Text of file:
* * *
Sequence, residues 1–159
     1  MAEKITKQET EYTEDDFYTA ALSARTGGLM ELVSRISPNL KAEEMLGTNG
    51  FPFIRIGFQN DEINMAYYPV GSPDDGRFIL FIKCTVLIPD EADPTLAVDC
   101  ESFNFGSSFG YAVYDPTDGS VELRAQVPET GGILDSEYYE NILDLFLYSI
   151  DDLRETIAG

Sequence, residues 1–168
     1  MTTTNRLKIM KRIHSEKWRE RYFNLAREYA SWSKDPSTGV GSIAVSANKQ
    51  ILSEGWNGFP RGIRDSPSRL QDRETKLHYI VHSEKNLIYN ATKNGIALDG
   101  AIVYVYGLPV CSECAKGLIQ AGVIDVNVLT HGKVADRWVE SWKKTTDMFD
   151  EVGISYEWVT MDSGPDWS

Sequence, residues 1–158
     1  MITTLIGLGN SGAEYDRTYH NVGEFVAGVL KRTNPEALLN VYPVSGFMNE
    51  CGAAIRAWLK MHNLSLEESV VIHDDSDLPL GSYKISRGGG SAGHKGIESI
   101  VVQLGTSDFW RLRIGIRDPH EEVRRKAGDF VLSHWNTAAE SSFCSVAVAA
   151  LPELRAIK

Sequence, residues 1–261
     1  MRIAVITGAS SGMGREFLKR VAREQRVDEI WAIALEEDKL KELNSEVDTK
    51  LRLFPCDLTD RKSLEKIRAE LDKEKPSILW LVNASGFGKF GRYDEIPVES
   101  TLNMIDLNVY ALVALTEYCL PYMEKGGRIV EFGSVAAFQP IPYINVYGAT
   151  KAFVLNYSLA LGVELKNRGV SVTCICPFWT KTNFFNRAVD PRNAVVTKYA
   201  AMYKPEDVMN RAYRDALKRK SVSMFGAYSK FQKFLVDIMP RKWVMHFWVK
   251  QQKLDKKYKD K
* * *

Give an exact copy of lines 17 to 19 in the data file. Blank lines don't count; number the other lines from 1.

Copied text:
     1  MRIAVITGAS SGMGREFLKR VAREQRVDEI WAIALEEDKL KELNSEVDTK
    51  LRLFPCDLTD RKSLEKIRAE LDKEKPSILW LVNASGFGKF GRYDEIPVES
   101  TLNMIDLNVY ALVALTEYCL PYMEKGGRIV EFGSVAAFQP IPYINVYGAT